• FILTER INFORMATION. If you are a point person, try to handle as much as possible without asking the bereaved. The bereaved will have to make many, many decisions— all of which are horrid. As much as possible, try to minimize how many questions are lobbed at the bereaved so they can focus on the big decisions. My friend Bubba did this for me and I would literally take a bullet for him because of it. If you aren’t a point person, find out who is and ask them what is needed. This goes for information going OUT as well. The bereaved will not be able to give details about the death or memorial service to hundreds of people individually. Figure out the best way to disseminate information and find people to help do so. And if you are not next-of-kin or a point person, DO NOT EVER take it upon yourself to announce details on social media. This was a huge problem for us and so many other families I know. We were still trying to personally contact family and Alice’s caretakers while peripheral folks were spreading our news on social media. I really didn’t want Alice’s godmother to find out on social media… from someone we barely knew.
  • SEND PHOTOS OF THE CHILD IF YOU HAVE THEM. Generally, there will be photos of the deceased child placed at the services. You may have photos the parents never saw. If so, send the photos to the parents or a point person. You may have a treasure for them.
  • OFFER TO DRIVE THE BEREAVED. This is especially important if the death is unexpected or traumatic. Ideally, the bereaved aren’t driving themselves anywhere for several days nor should they need to rely on Uber or public transportation. Find someone to drive them to the service or anywhere else they must go for those first few days. I drove myself to yoga class a week after Alice died. I needed the yoga class, but I absolutely should not have driven. Someone gassed up our car before Alice’s service and left tissues and bottles of water in the cup holders which was thoughtful. Offer to go to the store or run errands or anything you can do to reduce the bereaved’s need to drive.

AFTER THE AFTERMATH

  • TOUCH BASE AT RANDOM TIMES IN THE WEEKS, MONTHS, YEARS AFTER. I had several friends reach out to me weeks or months later, all of whom apologized profusely for not reaching out earlier. But for me, this was great. Because in the beginning, so many people reach out, you cannot possibly reply to them although you desperately need support. But the bereaved need support long after the lasagnas are gone—perhaps even more so. It gets VERY QUIET after those first few weeks. If you aren’t “inner circle” but want to support, put alerts on your phone to reach a few weeks after. And then a few months after. A mom I didn’t know well made a schedule for folks to “adopt me” weekly for months after Alice died. That person would check in with me on Monday, see how I was doing/what I needed and then would either take me to lunch/yoga/massage/hike etc., come to visit me, babysit my other child so I could go to an appointment, help me clean the house, or whatever was needed. This was brilliant and made me feel supported for months after.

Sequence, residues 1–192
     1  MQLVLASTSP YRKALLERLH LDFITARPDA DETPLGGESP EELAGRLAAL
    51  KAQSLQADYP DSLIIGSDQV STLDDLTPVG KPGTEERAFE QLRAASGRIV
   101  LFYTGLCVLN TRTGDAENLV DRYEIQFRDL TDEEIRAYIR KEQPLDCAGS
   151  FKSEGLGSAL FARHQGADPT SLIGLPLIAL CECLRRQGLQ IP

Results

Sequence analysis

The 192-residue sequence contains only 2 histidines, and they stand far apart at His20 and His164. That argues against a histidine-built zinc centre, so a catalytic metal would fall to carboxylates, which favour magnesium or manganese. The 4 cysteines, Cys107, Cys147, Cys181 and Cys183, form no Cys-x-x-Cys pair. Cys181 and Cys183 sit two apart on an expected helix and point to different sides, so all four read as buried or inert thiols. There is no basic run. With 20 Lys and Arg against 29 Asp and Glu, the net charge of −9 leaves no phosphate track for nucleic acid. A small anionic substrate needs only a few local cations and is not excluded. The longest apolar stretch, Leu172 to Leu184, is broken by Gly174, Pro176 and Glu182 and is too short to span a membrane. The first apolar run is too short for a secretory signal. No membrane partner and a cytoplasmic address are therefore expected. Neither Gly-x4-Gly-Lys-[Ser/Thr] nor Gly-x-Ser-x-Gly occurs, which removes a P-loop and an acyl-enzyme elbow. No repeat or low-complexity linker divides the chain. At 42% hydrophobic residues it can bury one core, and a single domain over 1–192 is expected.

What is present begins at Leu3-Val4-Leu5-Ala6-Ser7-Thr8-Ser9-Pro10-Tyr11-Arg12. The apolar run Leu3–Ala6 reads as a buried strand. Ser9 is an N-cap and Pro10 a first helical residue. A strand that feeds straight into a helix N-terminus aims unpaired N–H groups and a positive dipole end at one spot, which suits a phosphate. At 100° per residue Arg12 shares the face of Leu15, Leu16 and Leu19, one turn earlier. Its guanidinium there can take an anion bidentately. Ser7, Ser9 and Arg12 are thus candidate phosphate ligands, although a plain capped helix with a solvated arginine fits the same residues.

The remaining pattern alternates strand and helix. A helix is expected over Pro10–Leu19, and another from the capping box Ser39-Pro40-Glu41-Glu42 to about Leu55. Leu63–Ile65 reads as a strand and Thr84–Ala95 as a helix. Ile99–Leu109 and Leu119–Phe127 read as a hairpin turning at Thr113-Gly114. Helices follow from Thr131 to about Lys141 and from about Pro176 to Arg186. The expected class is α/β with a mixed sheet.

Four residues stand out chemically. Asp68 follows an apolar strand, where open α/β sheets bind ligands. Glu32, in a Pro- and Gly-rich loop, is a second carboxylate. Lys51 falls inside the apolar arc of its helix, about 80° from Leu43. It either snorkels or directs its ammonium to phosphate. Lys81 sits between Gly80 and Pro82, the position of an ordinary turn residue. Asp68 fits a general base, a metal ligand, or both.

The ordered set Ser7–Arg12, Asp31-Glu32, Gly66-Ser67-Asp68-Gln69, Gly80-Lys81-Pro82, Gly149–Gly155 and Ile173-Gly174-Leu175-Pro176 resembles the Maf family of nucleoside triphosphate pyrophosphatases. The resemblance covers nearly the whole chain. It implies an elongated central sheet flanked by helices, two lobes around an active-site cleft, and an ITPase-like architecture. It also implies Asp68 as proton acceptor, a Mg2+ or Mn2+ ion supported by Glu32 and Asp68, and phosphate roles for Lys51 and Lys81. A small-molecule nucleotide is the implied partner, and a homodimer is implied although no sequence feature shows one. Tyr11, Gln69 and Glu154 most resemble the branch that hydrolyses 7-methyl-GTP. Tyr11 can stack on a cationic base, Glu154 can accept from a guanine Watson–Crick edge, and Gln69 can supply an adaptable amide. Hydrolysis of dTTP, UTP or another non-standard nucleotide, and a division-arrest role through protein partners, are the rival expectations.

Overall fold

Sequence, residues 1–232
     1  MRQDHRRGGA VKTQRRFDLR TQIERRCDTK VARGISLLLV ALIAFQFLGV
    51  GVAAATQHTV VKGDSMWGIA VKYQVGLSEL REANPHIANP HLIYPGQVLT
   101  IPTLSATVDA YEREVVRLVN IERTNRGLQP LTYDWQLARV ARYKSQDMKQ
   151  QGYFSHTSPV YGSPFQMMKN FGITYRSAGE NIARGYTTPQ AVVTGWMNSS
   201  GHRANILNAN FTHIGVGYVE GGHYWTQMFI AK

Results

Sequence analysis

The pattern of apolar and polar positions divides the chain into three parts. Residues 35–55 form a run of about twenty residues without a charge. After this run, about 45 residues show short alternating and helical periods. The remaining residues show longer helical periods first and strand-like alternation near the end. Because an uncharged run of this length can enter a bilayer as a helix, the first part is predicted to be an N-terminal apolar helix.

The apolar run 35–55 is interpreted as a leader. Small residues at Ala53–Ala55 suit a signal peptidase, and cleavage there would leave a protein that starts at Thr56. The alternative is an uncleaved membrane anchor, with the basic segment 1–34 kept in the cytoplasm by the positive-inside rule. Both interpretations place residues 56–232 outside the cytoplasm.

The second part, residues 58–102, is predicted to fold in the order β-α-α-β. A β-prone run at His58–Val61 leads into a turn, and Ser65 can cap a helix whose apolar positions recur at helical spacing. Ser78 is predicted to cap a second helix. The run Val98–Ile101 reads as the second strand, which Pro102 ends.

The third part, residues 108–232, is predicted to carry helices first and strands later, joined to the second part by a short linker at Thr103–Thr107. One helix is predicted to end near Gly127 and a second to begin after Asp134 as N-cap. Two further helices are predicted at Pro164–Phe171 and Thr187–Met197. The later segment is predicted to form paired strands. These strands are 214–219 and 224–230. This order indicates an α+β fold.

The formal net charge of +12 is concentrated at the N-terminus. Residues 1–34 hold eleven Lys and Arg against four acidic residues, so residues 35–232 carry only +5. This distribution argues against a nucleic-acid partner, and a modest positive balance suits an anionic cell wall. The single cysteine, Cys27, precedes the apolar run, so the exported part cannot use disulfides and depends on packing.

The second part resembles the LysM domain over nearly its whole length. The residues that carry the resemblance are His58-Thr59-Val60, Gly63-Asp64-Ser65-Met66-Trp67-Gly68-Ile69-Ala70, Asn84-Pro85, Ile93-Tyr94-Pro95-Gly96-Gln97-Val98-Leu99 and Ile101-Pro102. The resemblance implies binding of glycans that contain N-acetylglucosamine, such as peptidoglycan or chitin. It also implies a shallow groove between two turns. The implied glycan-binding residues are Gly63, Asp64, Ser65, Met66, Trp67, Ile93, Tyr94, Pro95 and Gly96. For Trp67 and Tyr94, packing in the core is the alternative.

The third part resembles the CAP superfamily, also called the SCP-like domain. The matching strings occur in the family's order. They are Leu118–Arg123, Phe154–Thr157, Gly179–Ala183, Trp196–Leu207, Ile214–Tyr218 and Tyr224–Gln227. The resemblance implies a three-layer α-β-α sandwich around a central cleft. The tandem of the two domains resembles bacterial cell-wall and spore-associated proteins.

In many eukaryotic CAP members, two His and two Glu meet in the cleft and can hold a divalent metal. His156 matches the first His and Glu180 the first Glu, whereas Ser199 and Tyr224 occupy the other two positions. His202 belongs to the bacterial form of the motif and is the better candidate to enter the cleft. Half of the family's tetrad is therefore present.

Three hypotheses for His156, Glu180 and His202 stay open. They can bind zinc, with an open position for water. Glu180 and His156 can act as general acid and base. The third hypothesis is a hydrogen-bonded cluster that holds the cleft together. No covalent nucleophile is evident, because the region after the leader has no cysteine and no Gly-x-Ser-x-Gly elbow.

• REMEMBER THE CHILD’S BIRTHDAY, DEATH ANNIVERSARY, AND OTHER IMPORTANT DAYS. It’s also helpful to have folks that reach out in the days before or after the “big” days; you don’t always tank ON those days. Sometimes eight days before is the day that levels you. Sometimes it’s five days after. So, if you can’t reach out ON those days, that’s OK. Reaching our AROUND those days is also helpful. And when you do reach out, SAY THEIR NAME. I have friends who send flowers every year on Alice’s death anniversary. I have friends who check in a couple of weeks before to ask if I need company. All of it helps.
  • DONATE OR PARTICIPATE IN FUNDRAISING EFFORTS IN THEIR CHILD’S MEMORY. If the bereaved raises money or awareness for causes in their child’s memory, participate. If you can’t afford to donate money, see if you can donate time or services. If you can’t do either, spread the word by re-posting the information or event details. All of this helps the bereaved feel supported and know their child is remembered and honored. You can also do things in their child’s memory like plant a tree, name a star, or use your artistic skills to make art in honor of their child. My friend Kriss wrote a song about Alice and donates the proceeds to the sliding-scale counseling center we support in her memory. I have friends who sent me “Miss Alice” rose bushes from David Austin Roses. I have another friend who sent “Grace” rose bushes so Grace wouldn’t feel left out. Every time I water those bushes, I am able to remember my girls and the beautiful support of my friends.

There are endless ways to support a bereaved parent, none of which require you to “say the right thing.” Listening and acting on the information you glean from listening will always enable you to provide beautiful, necessary, and personalized support.

I applaud you for taking the time to learn how to support bereaved parents. Attending to our friends’ grief is noble and commendable work. Thank you from the bottom of my heart.